Is the Proposed Land Use Element Plan a Decoy

Are the necessary measures to unleash the destructive intent of SB 35, and that of accompanying bills, already in place in the Housing Element Plan?

Senate Bill 35 states in Section 3 (a) (5) (B): In the event that objective zoning, general plan, or design review standards are mutually inconsistent, a development shall be deemed consistent with the objective zoning standards pursuant to this subdivision if the development is consistent with the standards set forth in the general plan.

That makes the General Plan determinant.

The Housing Element, and the Land Use Element, are both parts of the General Plan.

As a Charter City, Long Beach does not need to have the General Plan and zoning regulations agree.

The already in place Long Beach Housing Element states: “In keeping with the principles and policies established in the City’s 2010 Strategic Plan and Land Use Element of the General Plan, new high-density residential and mixed use development is to be focused in key locations, allowing for the preservation of existing and stable neighborhoods. Appropriate and feasible housing densities are allowed, with appropriate development standards and design guidelines, along transit corridors, in the downtown and greater downtown areas, and in close proximity to major employment and activity centers.” Page 123

To see the transit corridors designated through the entirety of Long Beach, look at the PlaceType and Height Maps in the Land Use Element Plan.

There were many inaccurate statements made regarding SB 35 at the last Whaley Park outreach meeting on October 4, 2017.

Stated at the meeting: “It applies only to affordable housing projects.” The bill does not say that. The bill says “a site that is zoned for …  or has a general plan designation that allows residential use or a mix of residential and nonresidential uses…” The bill also states: (1) The development is a multifamily housing development that contains two or more residential units.”

“Affordable housing” is defined in the bill as housing affordable to families making under 80% of the area’s median income. Most apartment buildings are directed at that market.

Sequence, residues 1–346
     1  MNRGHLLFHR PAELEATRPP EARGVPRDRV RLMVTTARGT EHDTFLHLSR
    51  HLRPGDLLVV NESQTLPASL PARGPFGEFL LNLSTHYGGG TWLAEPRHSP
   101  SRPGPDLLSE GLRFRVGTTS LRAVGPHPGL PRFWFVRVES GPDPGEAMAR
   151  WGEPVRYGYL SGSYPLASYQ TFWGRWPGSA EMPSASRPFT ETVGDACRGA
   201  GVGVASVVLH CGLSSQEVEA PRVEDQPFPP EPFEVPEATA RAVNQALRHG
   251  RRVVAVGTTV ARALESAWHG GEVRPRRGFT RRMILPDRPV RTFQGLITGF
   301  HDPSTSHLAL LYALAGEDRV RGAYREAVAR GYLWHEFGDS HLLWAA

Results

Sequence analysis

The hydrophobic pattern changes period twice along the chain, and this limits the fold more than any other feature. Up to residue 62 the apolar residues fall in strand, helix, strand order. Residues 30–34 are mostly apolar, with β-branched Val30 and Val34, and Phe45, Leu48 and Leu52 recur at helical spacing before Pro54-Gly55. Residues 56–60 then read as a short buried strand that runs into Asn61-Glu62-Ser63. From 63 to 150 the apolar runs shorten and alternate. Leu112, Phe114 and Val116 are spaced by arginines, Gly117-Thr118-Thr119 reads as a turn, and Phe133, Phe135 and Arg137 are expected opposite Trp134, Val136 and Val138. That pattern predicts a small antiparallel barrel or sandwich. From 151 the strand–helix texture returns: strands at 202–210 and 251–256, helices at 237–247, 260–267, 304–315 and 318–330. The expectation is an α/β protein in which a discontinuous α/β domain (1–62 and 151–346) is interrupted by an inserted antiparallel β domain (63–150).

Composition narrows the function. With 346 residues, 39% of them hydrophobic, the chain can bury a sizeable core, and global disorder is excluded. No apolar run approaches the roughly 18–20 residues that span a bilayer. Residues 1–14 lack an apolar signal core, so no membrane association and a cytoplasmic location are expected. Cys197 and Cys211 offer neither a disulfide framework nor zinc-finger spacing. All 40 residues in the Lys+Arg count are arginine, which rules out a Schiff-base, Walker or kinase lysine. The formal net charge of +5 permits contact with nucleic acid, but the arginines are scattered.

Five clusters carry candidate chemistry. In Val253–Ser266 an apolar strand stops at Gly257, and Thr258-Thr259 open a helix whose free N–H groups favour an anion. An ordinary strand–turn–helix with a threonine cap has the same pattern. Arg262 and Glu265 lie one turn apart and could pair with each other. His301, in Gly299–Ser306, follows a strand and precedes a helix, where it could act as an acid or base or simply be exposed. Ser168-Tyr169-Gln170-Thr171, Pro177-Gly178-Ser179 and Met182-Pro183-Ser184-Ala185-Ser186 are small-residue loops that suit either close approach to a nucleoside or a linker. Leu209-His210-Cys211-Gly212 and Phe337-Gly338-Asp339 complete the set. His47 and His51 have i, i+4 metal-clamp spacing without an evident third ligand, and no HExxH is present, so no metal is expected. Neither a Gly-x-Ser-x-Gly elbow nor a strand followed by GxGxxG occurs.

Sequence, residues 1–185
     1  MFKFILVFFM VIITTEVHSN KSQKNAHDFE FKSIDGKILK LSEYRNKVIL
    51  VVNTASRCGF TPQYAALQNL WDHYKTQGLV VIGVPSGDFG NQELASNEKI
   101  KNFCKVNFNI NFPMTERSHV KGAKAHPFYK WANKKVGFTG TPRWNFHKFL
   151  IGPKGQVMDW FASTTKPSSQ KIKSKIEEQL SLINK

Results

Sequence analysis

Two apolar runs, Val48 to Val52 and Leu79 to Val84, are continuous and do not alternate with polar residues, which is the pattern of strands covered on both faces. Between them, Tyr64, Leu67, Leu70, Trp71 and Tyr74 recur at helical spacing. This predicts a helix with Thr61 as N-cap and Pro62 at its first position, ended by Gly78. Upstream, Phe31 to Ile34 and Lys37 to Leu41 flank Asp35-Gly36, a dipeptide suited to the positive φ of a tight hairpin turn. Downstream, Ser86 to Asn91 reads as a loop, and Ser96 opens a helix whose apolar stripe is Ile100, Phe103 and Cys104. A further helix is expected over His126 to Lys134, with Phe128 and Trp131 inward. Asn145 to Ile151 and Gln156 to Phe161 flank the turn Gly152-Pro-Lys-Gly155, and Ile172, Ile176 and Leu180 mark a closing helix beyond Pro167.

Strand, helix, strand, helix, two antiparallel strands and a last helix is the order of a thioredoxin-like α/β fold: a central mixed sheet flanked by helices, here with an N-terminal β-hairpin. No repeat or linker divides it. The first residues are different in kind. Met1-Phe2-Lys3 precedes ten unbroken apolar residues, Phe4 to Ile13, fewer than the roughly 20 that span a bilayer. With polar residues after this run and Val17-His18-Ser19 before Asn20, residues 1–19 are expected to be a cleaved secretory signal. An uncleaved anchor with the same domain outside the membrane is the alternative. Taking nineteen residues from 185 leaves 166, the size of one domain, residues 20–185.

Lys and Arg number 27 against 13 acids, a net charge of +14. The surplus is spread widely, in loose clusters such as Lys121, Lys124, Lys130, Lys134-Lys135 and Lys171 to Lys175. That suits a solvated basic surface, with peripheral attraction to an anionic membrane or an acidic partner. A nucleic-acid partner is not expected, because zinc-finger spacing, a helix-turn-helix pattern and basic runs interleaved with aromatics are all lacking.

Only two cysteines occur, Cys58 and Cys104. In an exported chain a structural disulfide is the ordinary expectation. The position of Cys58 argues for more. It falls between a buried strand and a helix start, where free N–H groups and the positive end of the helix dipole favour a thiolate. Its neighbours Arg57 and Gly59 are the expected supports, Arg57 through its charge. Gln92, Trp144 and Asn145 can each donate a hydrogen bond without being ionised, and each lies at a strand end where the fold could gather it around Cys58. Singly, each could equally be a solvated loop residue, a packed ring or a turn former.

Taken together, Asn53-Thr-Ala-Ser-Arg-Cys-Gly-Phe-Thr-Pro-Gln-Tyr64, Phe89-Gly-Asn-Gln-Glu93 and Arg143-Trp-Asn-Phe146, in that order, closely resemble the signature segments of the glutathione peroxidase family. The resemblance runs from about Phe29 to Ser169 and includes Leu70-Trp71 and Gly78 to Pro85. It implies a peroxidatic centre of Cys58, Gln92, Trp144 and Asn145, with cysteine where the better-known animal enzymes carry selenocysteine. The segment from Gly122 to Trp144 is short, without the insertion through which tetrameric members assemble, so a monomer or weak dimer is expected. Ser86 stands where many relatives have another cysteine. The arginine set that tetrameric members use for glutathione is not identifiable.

At that outreach meeting, it was stated that these developments “cannot be located in any area where there is currently housing” and that these “[following] requirements are going to significantly limit the types of property subject to this legislation.” Not true.  Only locations which are currently “affordable housing”  and/or rental unit sites are restricted from the streamlined permit process.

From the meeting, the contention that the developments would be limited due to the cost of requiring union wages, otherwise known as prevailing wages, is not accurate. First, one of the reasons the bill does not require any parking is because that significantly lowers the cost of construction potentially offsetting the increased cost of union wages, if applicable. Second, there are multiple government sources of funding for these projects which include federal tax subsidies, state grants, and local incentives which make these developments highly profitable.  Third, SB 35 clearly states a “public work” is not required to be built by union workers and “affordable housing” is a public work and as noted above, many apartment buildings are built to that market. In addition, if the development includes a percentage of public works, construction of the “affordable housing” units aka “public works” does not need to be done by union workers.

SB 35 states:  Section 3 (a) (8) (A) Certified to the locality that either of the following is true, as applicable:(i) The entirety of the development is a public work for purposes of Chapter 1 (commencing with Section 1720) of Part 7 of Division 2 of the Labor Code. (ii) If the development is not in its entirety a public work, that all construction workers employed in the execution of the development will be paid at least the general prevailing rate [meaning union workers]… If the development is subject to this subparagraph, then for those portions of the development that are not a public work all of the following shall apply: …